No, I didn’t care for Manon Lescaut. However, there was a silver lining to the new production and that was the swishy skirts and tilted millinery of 1940’s fashion ! If there’s one thing I enjoy more than others, it’s historical fashion and having the chance to experience a different period of clothing and mannerism. Of course, much research goes into my outfits when there’s a specific look I need to emulate, but fortunately I found just the ticket in one of my mother’s old dresses. Since I was a child, I have loved the pink and cream striped dress that has hung in the closet for years and one day when I plucked up the nerve to try it on for size, it fit ! The button loop closures at the waist are my favorite detail.
Pearls were a must as well as an elegant chignon, but I needed something more to aid in the cause… a hat was the likely choice. Thankfully, I was able to borrow a darling fascinator complete with birdcage veil ─ it was perfect for my desired look ! Without it, I wouldn’t have felt near the woman of the 40’s as I did while peeking through its tiny mesh windows. Now if only I had had a decent pair of pumps…
I may not care whether I see Manon Lescaut ever again, but I do wish another occasion would arise for feminine fashion of the Forties !
Toi, Toi, Toi,
Cast and Credits:
Manon Lescaut ─ Giacomo Puccini (1893) Live in HD air date: March 5, 2016
Credits: Conductor ─ Fabio Luisi Production ─ Sir Richard Eyre Set Designer ─ Rob Howell Costume Designer ─ Fotini Dimou Lighting Designer ─ Peter Mumford Choreographer ─ Sara Erde Live in HD Director ─ Gary Halvorson Host ─ Deborah Voigt
When pondering a new project, I always search for that one piece of inspiration to set the creative gears into motion. It can be a pair of shoes with just the right decoration for mimicking on a collar, or a necklace from ages past that would look perfect with a historical replica gown. ForManon, that trinket of musing was this pink and silver butterfly barrette:
Pale, frosted pink with touches of mauve and iridescent rhinestones gave me great ideas for the color scheme of my BelleÉpoque outfit. Determining whether I would create a walking suit, day dress, or evening/ball gown became the main challenge as I vacillated between contrary designs like a pendulum swinging from a string. Ultimately, a ball gown seemed like a safe choice since I knew that it would be rather simple in construction and wouldn’t limit my comfort or mobility the way a spectacularly broad daytime hat would against the back of a movie theater seat (I have experience in these matters, as surely you can tell). I did, however, sketch a design in the vein of one of Laurent Pelly’s signature looks from the opera:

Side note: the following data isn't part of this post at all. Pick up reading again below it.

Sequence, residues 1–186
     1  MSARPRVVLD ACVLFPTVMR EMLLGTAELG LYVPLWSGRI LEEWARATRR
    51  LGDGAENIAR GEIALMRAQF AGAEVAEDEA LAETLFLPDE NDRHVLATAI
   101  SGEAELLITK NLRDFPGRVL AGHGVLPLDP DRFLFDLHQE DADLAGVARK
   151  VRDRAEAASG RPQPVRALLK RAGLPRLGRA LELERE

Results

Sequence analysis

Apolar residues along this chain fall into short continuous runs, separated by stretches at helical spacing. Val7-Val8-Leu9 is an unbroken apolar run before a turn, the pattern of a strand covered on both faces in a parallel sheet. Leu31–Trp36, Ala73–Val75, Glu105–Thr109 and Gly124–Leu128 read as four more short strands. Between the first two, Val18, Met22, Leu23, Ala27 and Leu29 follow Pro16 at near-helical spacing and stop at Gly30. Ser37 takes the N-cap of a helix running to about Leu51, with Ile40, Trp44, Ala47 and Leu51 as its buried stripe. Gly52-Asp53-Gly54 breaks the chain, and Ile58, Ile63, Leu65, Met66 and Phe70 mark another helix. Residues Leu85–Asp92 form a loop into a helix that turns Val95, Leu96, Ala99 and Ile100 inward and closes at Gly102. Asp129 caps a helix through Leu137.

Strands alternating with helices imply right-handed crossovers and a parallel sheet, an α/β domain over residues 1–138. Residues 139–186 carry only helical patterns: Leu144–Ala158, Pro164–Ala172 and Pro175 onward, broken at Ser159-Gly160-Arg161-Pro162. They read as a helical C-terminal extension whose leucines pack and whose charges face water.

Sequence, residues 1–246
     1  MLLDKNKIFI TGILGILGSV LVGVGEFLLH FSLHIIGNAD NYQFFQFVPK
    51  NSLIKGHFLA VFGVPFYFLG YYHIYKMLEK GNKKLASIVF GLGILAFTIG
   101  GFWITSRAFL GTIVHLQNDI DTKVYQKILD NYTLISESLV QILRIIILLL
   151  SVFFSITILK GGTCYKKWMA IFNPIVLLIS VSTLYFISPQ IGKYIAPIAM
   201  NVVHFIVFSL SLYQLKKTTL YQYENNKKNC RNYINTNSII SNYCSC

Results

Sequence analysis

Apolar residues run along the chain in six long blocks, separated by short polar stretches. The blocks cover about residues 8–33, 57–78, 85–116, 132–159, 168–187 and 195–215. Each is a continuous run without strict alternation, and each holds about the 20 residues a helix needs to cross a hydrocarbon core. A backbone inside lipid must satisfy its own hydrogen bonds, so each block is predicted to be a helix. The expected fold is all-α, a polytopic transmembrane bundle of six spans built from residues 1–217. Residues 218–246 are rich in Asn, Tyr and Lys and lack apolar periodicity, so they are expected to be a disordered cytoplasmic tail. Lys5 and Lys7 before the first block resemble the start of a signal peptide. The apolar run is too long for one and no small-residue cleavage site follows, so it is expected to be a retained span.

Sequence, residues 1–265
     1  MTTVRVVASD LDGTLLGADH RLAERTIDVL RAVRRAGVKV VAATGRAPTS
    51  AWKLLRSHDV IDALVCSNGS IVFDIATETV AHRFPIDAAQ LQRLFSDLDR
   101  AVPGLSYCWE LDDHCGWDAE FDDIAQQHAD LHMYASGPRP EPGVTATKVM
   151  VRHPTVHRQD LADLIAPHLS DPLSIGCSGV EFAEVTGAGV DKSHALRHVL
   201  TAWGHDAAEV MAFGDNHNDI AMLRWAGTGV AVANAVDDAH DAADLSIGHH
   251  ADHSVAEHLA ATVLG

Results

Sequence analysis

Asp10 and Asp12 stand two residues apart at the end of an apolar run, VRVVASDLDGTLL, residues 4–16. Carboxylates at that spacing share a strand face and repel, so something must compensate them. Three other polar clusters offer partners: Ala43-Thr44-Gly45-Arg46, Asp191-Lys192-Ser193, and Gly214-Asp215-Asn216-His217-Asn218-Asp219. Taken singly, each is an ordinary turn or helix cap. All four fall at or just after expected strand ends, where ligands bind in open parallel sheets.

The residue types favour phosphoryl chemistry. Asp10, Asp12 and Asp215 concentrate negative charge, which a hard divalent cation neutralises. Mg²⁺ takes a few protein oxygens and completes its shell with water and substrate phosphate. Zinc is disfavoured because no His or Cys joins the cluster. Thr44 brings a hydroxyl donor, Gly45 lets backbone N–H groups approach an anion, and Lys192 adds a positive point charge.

Once the decision was made in favor of the ball gown, I settled on the 1890’s for my gown’s impersonation since La Belle Époque (The Beautiful Age) spans well over 40 years (roughly 1871-1914 by generous standards) with varying fashions in each decade. Now to narrow down the style of the neckline, sleeves, and skirt…
The gowns of the decade were bedecked in fancy laces, expensive jewels, and lavish ornamentation. Most noticeably were the enormous puff sleeves and long evening gloves worn by the ladies.
The decoration of the gores on the skirts was also in vogue.
As for me, I wanted a trademark 1890’s style, which meant a separate, softly pointed bodice and gored fan skirt trailing behind ─ both cut from pale pink crepe back satin and decorated in contrasting rosy mauve corded lace. Making a mock-up was the first order of business. I designed my bodice to have shoulder straps that opened wide onto the chest and a pointed bottom at the front and back, which was characteristic for the time period.
Once the bottom edge was modeled to my satisfaction, I cut along the line and had my new patterns pieces, which were then laid out onto interfaced cotton lining fabric.
Covered Rigilene bones were sewn onto the front princess seams in addition to one bone down the middle of the face side of the lining while other bones were sewn onto the bust portion of the bodice to give it shape and support.
Onto the back !
A minuscule waist was at the forefront of the iconic 1890’s silhouette. While the broad design features of bouffant sleeves and sweeping skirt hems aided in the appearance of a tiny waist, I wanted to be sure that I did my best to achieve the proper look and decided to make a built-in corset in the bodice. The attached lacing panels are shown below. Each panel has two sides: one for the lining (cotton) and the other for the side facing the back (satin).
Next came the skirt…
Doing my best to keep the gown fairly accurate, historically speaking, I made a pattern using measurement instructions given in Janet Arnold’s Patterns of Fashions 2, an invaluable resource for fashion historians and sewing enthusiasts alike. Seam allowances were added and then the paper pattern was pinned to folded layers of crepe back satin (face), lining fabric, and interfacing to save time on the cutting process.
The interfacing was fused to the wrong sides of the face and lining fabrics and set aside for later…